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http://dx.doi.org/10.1016/j.yrtph.2012.06.001DOI Listing
August 2012

Regulatory assessment of in vitro skin corrosion and irritation data within the European framework: Workshop recommendations.

Regul Toxicol Pharmacol 2012 Mar 6;62(2):393-403. Epub 2011 Nov 6.

Services & Consultation on Alternative Methods (SeCAM), Agno, Switzerland.

Validated in vitro methods for skin corrosion and irritation were adopted by the OECD and by the European Union during the last decade. In the EU, Switzerland and countries adopting the EU legislation, these assays may allow the full replacement of animal testing for identifying and classifying compounds as skin corrosives, skin irritants, and non irritants. In order to develop harmonised recommendations on the use of in vitro data for regulatory assessment purposes within the European framework, a workshop was organized by the Swiss Federal Office of Public Health together with ECVAM and the BfR. It comprised stakeholders from various European countries involved in the process from in vitro testing to the regulatory assessment of in vitro data. Discussions addressed the following questions: (1) the information requirements considered useful for regulatory assessment; (2) the applicability of in vitro skin corrosion data to assign the corrosive subcategories as implemented by the EU Classification, Labelling and Packaging Regulation; (3) the applicability of testing strategies for determining skin corrosion and irritation hazards; and (4) the applicability of the adopted in vitro assays to test mixtures, preparations and dilutions. Overall, a number of agreements and recommendations were achieved in order to clarify and facilitate the assessment and use of in vitro data from regulatory accepted methods, and ultimately help regulators and scientists facing with the new in vitro approaches to evaluate skin irritation and corrosion hazards and risks without animal data.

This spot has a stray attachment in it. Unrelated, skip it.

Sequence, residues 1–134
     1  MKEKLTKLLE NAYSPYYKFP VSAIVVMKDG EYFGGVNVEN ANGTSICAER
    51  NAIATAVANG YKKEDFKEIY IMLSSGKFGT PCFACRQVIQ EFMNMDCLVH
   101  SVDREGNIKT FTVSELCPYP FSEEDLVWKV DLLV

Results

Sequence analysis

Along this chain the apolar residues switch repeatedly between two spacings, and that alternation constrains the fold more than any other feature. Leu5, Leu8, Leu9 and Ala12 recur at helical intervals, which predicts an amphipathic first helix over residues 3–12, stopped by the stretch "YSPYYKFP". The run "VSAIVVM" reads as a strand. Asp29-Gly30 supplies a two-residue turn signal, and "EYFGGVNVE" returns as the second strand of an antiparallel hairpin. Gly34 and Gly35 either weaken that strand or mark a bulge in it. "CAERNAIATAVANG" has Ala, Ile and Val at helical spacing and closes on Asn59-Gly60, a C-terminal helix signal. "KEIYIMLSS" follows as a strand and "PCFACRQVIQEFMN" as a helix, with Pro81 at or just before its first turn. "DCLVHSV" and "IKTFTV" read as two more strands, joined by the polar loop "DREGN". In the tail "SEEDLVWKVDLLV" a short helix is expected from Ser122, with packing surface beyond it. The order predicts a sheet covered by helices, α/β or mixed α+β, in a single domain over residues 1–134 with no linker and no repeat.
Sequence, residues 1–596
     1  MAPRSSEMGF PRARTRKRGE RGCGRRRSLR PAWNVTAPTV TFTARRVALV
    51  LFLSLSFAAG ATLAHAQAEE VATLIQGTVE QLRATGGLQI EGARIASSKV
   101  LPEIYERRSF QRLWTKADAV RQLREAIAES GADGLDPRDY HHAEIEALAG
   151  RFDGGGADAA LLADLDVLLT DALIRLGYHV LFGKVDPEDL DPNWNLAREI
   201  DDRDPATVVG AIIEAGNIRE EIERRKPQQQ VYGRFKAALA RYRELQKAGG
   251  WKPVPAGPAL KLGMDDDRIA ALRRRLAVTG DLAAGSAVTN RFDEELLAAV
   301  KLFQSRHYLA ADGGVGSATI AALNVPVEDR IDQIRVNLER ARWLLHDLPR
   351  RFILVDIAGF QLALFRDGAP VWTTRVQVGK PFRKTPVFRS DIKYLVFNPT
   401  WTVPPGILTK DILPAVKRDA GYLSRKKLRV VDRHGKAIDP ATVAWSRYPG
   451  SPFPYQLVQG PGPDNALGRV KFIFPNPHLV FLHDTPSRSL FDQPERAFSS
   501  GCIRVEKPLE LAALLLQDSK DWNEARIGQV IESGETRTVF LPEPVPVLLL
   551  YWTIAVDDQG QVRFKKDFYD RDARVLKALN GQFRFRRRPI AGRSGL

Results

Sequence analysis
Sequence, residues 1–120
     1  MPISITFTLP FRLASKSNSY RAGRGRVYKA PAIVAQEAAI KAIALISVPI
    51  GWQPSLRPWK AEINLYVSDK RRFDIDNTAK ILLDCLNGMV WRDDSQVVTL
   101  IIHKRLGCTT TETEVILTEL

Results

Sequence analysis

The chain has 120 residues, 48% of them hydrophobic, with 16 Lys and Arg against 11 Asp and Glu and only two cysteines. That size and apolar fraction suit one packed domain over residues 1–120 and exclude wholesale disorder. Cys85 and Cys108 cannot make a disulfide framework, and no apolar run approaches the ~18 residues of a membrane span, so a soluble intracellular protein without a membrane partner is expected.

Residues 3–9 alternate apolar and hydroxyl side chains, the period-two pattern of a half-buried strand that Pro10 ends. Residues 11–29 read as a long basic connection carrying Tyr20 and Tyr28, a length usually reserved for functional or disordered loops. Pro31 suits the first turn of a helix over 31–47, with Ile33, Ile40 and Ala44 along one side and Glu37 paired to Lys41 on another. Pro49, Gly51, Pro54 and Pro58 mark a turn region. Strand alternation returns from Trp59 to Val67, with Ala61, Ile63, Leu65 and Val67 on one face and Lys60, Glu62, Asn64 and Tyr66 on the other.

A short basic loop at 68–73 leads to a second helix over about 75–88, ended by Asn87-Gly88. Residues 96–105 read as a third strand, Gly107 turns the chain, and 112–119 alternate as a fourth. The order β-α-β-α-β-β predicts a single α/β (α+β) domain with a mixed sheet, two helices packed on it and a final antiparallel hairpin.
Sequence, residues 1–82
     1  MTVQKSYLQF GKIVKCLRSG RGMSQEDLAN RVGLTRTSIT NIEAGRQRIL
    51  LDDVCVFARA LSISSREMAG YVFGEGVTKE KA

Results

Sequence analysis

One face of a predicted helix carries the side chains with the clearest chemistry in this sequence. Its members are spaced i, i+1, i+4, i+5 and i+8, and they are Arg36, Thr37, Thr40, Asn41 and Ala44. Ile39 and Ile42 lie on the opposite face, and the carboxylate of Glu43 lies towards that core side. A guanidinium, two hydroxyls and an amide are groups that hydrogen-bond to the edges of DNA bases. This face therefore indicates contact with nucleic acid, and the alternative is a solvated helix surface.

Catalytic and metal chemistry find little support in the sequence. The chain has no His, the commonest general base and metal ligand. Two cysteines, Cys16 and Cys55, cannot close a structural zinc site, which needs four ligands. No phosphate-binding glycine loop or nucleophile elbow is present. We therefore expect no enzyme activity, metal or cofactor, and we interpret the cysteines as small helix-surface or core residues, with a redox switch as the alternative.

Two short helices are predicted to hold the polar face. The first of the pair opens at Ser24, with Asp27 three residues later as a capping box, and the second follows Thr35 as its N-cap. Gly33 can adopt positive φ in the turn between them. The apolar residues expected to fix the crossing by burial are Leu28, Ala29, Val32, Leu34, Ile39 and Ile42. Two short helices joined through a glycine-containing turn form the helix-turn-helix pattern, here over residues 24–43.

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http://dx.doi.org/10.1016/j.yrtph.2011.10.015DOI Listing
March 2012

Developmental toxicity testing in the 21st century: the sword of Damocles shattered by embryonic stem cell assays?

Arch Toxicol 2011 Nov 19;85(11):1361-72. Epub 2011 Oct 19.

Department of Experimental Toxicology and Center for Alternatives to Animal Testing, German Federal Institute for Risk Assessment (BfR), Thielallee 88-92, Berlin, Germany.

Modern society faces an inherent dilemma. In our globalized society, we are spoilt for choice by an ever-increasing number of products, many of which are made of new materials and compound mixtures. At the same time, as consumers we got accustomed to the idea of a life minimized for risk, including our own exposure to chemicals from the environment or to compounds present in and released from everyday products. Chemical safety testing bridges these obviously diverging interests, and the corresponding legislation has hence been tremendously extended (e.g., introduction of the European legislation REACH in 2007). However, the underlying regulatory toxicology still relies mainly on animal testing, which is relatively slow, expensive, and ethically arguable. Meanwhile, recent years have seen a surge in efforts to develop alternative testing systems and strategies. Expectations are particularly high for the applicability of stem cells as test systems especially for developmental toxicity testing in vitro. For the first time in history, test systems can be based on differentiating cells and tissue progenitors in culture, thus bringing the 'vision of toxicity testing in the 21st century' a step closer.